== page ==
There are two poetic devices used in the poem “Death, Be Not Proud” written by John Donne they are apostrophe and paradox. The poem is about the speaker not being afraid of death and that it is just a stage that people pass through. Apostrophe is defined as addressing something that is non-human in hopes that it would respond to what is being said. The speaker is talking directly to death as thinking it will feel weak and know that it is an unimportant event to people. The speaker tells death “Mighty and Dreadful, for thou are not so” that no matter what people say death is not feared and has no right to be thinking that it is. (Donne 2) The truth of death to the speaker is it is not the end or final stage that people fear it is; death is just the stage that takes people to eternal happiness. Death takes our bodies away but our minds and spirit live on forever in a place of peace and serenity.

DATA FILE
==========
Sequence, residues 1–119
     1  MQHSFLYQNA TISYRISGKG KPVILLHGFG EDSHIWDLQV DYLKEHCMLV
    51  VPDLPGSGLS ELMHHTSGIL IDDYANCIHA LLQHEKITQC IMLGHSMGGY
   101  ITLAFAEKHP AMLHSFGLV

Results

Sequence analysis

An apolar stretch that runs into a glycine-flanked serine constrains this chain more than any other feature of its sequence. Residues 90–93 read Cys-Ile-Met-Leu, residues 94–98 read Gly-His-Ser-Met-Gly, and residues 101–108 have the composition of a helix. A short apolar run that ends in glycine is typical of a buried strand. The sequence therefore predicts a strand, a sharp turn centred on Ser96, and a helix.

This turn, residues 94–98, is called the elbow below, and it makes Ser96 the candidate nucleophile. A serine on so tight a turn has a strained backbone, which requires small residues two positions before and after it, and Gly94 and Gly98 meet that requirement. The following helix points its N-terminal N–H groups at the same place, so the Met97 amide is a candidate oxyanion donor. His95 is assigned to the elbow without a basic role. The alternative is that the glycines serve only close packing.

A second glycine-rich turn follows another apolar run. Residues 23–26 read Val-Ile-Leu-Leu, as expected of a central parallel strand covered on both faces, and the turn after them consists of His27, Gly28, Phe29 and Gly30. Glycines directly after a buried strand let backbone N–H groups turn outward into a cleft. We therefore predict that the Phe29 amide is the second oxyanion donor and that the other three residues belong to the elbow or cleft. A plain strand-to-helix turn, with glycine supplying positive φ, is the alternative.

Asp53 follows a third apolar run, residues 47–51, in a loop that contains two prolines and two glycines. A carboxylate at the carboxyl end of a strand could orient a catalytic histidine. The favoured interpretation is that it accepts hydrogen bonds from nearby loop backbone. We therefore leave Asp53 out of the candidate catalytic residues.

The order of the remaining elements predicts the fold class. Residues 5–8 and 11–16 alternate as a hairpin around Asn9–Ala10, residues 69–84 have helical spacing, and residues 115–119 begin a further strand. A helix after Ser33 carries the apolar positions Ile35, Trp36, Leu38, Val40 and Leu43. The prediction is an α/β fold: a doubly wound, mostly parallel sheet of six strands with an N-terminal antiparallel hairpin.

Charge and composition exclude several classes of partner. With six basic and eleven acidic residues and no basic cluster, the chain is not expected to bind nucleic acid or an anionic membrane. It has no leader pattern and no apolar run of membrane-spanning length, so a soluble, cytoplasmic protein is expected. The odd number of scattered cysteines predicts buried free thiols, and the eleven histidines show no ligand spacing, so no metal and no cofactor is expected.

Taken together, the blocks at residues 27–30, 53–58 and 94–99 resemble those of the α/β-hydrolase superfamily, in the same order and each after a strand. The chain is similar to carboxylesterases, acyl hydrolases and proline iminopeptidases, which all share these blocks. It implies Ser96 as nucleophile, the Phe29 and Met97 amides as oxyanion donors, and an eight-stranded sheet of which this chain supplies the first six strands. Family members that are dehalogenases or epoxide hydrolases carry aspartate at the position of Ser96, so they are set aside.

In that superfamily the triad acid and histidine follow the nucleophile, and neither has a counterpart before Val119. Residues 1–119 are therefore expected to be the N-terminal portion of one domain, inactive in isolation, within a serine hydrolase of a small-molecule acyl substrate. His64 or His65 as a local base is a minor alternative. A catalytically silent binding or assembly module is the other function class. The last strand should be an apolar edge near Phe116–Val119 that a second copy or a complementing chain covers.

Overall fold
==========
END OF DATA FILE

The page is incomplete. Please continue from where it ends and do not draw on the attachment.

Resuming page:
The second poetic device is Paradox which is an apparently contradictory statement that, upon examination, makes sense (see McMahan et al1187). There are many paradoxes some are that death can not really stop someone from living, and that death will cease to exist. The paradoxes are saying that death should not be feared because it really is not the end. Death is not to be thought of as scary because death is just a sudden event to a person but does not have the final say so over a person’s life. These poetic devices are good to have in this poem because it makes the reader think and question their beliefs in death and faith of an afterlife.